The school has an allocation of two whole-time equivalent teachers, which is forty four hours, for EAL support. It is using its allocation in five ways: withdrawal for a partial immersion programme for students identified as having low levels of English language proficiency, withdrawal for English extension classes of students assessed as having an intermediate level of English language proficiency, withdrawal for subject-specific support, withdrawal for extra English classes of senior cycle students not studying a foreign language, and the provision of some time for the EAL co-ordinator to meet parents of EAL students and the EAL teachers. Timetabling for EAL was satisfactory in most years and programmes. A few areas for development were noted during the evaluation. To address these issues and further enhance the school’s deployment of its EAL allocation, the following recommendations are offered. First, it is recommended that the practice of timetabling students of different year groups and with very different English language needs in the same withdrawal group should be discontinued. Secondly, the practice of timetabling two teachers to deliver EAL support to the same group of students during the school week should be avoided where possible. Thirdly, given the requirement under Circular 15/2009 that applications for an additional year of EAL support beyond the two-year period will need to be accompanied by results obtained using the English as an Additional Language: Post-Primary Assessment Kit, it is recommended that some time for administrative/testing work be included in EAL teachers’ timetables in the future.

 

The enrolment process for incoming first-year newcomer students is the same as for incoming first-year Irish students. Application forms and school enrolment processes are all through English. It is advised that the school have its application forms and a document summarising key information about the school and its most important rules translated into the main home languages of its EAL students to assist them and their parents. Perhaps past students, parents, the local Polish Saturday school or other local agencies such as Doras Luimní (a Limerick agency supporting refugees, asylum seekers and economic migrants) could be of help in this regard. Finally, copies of documents describing aspects of the Irish post-primary system already translated into a number of languages other than English that the school was made aware of during the evaluation should also be made available to EAL students and their parents to facilitate enrolment.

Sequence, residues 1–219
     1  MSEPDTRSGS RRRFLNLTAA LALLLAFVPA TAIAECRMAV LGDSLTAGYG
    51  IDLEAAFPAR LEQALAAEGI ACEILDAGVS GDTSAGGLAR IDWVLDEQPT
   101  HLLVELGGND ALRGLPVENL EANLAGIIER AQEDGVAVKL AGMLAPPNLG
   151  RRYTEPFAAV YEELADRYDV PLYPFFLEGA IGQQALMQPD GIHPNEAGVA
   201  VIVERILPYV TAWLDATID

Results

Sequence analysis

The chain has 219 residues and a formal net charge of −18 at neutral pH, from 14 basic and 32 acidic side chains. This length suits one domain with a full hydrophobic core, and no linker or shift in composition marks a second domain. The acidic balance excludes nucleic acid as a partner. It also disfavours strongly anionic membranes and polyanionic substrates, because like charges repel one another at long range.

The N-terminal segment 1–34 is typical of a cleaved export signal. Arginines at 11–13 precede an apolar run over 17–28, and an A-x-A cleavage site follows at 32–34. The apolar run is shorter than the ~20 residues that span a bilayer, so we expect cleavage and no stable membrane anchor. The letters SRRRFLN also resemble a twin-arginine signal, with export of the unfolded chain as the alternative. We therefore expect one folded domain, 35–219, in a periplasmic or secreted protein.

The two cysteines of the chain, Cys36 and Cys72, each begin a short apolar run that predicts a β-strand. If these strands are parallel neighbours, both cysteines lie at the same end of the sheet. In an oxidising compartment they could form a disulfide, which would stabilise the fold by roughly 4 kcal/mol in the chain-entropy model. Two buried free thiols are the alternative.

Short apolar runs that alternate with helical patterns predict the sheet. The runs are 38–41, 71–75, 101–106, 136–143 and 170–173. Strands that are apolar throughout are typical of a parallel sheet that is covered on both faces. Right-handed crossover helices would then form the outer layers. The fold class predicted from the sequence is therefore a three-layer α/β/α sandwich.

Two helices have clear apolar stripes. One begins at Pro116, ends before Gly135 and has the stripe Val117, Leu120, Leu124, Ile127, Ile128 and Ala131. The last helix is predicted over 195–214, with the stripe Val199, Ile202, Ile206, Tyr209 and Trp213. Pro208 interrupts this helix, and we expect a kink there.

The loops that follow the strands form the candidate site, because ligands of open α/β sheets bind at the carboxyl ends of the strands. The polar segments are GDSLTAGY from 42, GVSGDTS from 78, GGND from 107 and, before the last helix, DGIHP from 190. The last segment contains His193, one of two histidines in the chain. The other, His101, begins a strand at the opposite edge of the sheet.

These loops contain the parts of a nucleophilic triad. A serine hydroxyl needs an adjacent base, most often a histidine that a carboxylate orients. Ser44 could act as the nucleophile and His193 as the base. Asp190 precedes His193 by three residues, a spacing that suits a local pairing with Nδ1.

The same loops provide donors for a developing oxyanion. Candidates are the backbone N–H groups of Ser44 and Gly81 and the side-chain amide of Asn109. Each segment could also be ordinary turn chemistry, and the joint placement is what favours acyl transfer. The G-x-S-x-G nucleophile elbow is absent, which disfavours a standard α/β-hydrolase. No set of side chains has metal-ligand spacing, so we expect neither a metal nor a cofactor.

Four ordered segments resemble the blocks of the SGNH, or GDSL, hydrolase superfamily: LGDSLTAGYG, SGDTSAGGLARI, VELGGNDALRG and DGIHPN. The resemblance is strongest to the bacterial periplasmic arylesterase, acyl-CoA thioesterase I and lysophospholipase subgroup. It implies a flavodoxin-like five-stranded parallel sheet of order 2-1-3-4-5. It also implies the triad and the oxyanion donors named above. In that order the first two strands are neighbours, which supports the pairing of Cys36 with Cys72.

EAL students seeking enrolment during the school year are usually interviewed by the EAL co-ordinator. During that meeting, the EAL co-ordinator gathers standard enrolment information and also information about the student’s home language(s) and prior educational experiences. To help facilitate such enrolment interviews, the school encourages parents of EAL students to bring in friends or relatives who are more proficient in English. Also, while not an ideal solution, the school may also ask students to act as translators. In the course of such interviews, the EAL co-ordinator takes notes of key information gleaned. It is suggested that the type of questions generally asked by the EAL co-ordinator in that interview now be reviewed in relation to pages 31-32 of the National Council for Curriculum and Assessment (NCCA)’s Intercultural Education in the Post-Primary School: Guidelines for Schools. Part of that review should involve capturing phonetic renderings of the names of the EAL student and his parents, whether the student is living with parents/guardians or on his own, and the number of years of English-language support previously accessed by the student in Irish primary or post-primary schools. Based on his interview notes, the EAL co-ordinator draws up a list of newcomer students, indicating the home language of the students, and which students are scheduled to receive language support. That information is made available to all subject teachers through a designated tray in the staff room. If more of the information gathered by the EAL co-ordinator was to be compiled electronically, then that could further enhance the relevant information available to staff on EAL students enrolled in their classes, would aid the compilation of language support applications to the Department, and could also incorporate records of students’ levels of English language proficiency. Finally, it is recommended that, as part of the enrolment process, EAL students and their parents be specifically briefed on the implications of subject and programme choices they make. (See how the guidance department can aid this process in section four).